We grow and ship four different root crops. White Ginger, Yellow Ginger, Galangal (Thai Ginger), and Turmeric.
Characteristics-White ginger grows the fastest and provides the greatest yield out of our four roots. It is the most tender and mildest of the 3 gingers. It is commonly used in Asian style soups and stir fry, and as a pallet cleanser when eating sushi.
Growing Season-White ginger has a growing season of about 9 months. We plant it in March and it is fully mature by the end of November. In December the tops of the plant begin to die off and the crop goes dormant for all of January and February. If not harvested the dormant roots will begin growing again on their own in March.
Challenges-White ginger is the most susceptible to funguses such as Pythium that make the root rotten and unusable. Another challenge for white ginger is the burrowing nematode. These microscopic bugs literally burrow into the root itself and in severe cases makes the ginger inedible. These hardships are avoided by rotating fields every year and ensuring that the soil is nutrient rich so that the ginger can grow strong and healthy.
Characteristics-Yellow ginger is a step up from white ginger in heat and fiber but a step down in growing speed and yield. Due to its stronger flavor yellow ginger is most commonly used for juicing and cooking situations where the stronger flavor is desired.
Growing Season-The growing season for yellow ginger is also about 9 months and the time-frame is similar to white ginger. If there is any difference it seems that yellow ginger may be a little behind white ginger in maturing and going dormant. Because of this we tend to wait a little longer to begin harvesting.
Challenges-Yellow ginger is much more resilient than white ginger. Although the same pests do effect it there is typically less damage done to it than the white ginger.
Characteristics-Galangal is very different from white and yellow ginger. It has a more aromatic flavor and is much spicier. The root itself is very fibrous and typically not eaten.The most common use for it is in Thai soups. It is used for its flavor and when found in ones bowl it is removed and placed on the side leaving all of its delicious flavor behind.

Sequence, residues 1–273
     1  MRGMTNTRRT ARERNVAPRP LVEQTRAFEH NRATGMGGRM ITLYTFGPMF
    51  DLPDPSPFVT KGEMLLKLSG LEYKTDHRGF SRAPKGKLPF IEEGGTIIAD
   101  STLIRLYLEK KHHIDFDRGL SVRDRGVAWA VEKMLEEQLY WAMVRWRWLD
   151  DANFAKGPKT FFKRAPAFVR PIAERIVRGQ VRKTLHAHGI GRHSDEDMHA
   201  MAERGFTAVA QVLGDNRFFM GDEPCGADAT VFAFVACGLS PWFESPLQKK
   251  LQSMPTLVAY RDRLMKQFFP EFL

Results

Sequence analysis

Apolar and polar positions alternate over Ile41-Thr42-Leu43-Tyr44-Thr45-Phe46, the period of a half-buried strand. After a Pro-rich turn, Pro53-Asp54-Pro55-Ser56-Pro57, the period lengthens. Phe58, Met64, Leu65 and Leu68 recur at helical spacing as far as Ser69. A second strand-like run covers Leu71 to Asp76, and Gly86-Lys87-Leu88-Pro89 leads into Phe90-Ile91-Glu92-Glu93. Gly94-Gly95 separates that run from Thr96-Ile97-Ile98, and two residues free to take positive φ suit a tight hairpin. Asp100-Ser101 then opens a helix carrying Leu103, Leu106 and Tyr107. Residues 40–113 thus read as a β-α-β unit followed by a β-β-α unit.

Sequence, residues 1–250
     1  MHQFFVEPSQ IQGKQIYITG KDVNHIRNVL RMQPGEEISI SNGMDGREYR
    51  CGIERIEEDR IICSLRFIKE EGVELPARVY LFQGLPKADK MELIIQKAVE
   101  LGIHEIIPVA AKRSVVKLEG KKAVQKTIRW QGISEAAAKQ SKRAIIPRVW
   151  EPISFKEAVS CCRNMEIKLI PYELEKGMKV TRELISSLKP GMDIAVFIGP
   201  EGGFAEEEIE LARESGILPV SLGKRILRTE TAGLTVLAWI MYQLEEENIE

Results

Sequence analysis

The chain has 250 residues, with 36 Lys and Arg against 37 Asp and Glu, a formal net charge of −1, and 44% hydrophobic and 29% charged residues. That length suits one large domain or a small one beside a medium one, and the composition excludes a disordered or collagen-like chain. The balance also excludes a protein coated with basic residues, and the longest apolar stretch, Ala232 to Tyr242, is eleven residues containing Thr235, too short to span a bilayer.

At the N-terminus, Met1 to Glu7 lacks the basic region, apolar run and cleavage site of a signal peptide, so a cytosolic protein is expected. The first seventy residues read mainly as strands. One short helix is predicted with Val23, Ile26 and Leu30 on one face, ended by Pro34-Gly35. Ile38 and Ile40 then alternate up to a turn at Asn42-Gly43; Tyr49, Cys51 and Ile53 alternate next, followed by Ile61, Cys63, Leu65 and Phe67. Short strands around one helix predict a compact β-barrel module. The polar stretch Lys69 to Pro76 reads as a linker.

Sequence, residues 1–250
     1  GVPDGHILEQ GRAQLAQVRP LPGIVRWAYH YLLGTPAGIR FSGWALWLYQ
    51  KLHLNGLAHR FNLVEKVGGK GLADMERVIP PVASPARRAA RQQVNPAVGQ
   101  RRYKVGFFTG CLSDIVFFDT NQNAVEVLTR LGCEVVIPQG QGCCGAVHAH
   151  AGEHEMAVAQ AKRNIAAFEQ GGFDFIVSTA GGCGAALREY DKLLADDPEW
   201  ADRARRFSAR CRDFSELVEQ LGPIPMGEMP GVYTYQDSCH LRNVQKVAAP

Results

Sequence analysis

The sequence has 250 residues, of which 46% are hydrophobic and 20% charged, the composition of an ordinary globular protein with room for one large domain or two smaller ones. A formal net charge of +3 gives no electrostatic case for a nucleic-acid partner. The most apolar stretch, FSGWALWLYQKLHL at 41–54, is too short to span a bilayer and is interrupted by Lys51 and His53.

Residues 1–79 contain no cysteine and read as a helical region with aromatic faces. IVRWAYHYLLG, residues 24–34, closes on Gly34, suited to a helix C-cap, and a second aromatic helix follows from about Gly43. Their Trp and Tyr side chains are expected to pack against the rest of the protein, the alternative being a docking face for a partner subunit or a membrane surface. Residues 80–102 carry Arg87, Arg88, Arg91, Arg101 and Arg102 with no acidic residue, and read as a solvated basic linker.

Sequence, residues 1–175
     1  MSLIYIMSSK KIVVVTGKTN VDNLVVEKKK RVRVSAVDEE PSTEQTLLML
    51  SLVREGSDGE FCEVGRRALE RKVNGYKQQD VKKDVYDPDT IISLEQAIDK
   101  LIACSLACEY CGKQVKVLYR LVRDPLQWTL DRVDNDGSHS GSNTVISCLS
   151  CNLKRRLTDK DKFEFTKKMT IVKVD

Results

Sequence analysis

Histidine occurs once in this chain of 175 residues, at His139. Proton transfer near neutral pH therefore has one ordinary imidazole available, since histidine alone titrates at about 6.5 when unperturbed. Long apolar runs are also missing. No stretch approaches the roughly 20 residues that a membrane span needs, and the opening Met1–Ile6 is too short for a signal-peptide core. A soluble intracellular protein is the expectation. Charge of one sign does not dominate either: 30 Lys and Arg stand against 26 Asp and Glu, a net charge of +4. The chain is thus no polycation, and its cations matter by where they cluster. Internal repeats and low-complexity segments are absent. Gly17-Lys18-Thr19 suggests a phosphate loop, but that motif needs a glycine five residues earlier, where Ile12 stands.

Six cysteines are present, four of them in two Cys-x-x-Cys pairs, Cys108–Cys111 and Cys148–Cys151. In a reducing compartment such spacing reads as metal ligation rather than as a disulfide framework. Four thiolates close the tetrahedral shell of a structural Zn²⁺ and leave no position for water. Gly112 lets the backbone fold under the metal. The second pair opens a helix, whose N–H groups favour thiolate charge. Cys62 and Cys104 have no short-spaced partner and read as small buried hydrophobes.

Growing Season-Galangal is equally as unique in its growing habits as it is in flavor. The seasons do not seem to bother it at all as it does not have a dormant period, it can be planted at any time of the year and it will be happy. The individual roots themselves are very tough and bound together by strong and fibrous feeder roots. Harvesting usually turns into “Galangal Wrestling” where the large clumps are picked up by more than one of us and thrown down in the hope that the clump will break into smaller, more manageable pieces. By the end of a galangal harvest we are all exhausted and begging for mercy while the remaining galangal in the field stands tall and giggles to itself (not really but it definitely seems like it!).
Challenges-Nothing really challenges galangal…galangal challenges everything else. Truthfully there are not many things that effect the hearty plants. Sometimes there are minor discoloration issues on the skin but these do not affect the quality of the root.
Characteristics-Turmeric is the smallest and most fragile of the 4 root crops. Originating in India turmeric is used extensively in curries and other signature Indian dishes. It is easily recognizable for its vibrant orange color that stains everything it touches. Recently there have been many studies done on the health benefits of turmeric and lots of people use it on a daily basis for its nutritional values.
Growing Season-Turmeric has roughly a 9 month growing season like its ginger cousins, however it does not go dormant until late January.
Challenges-Turmeric is not remarkably affected by any pests. One challenge of turmeric is that it does not produce as much as the gingers do. Due to this in order to get a decent yield a large volume must be planted and cultivated.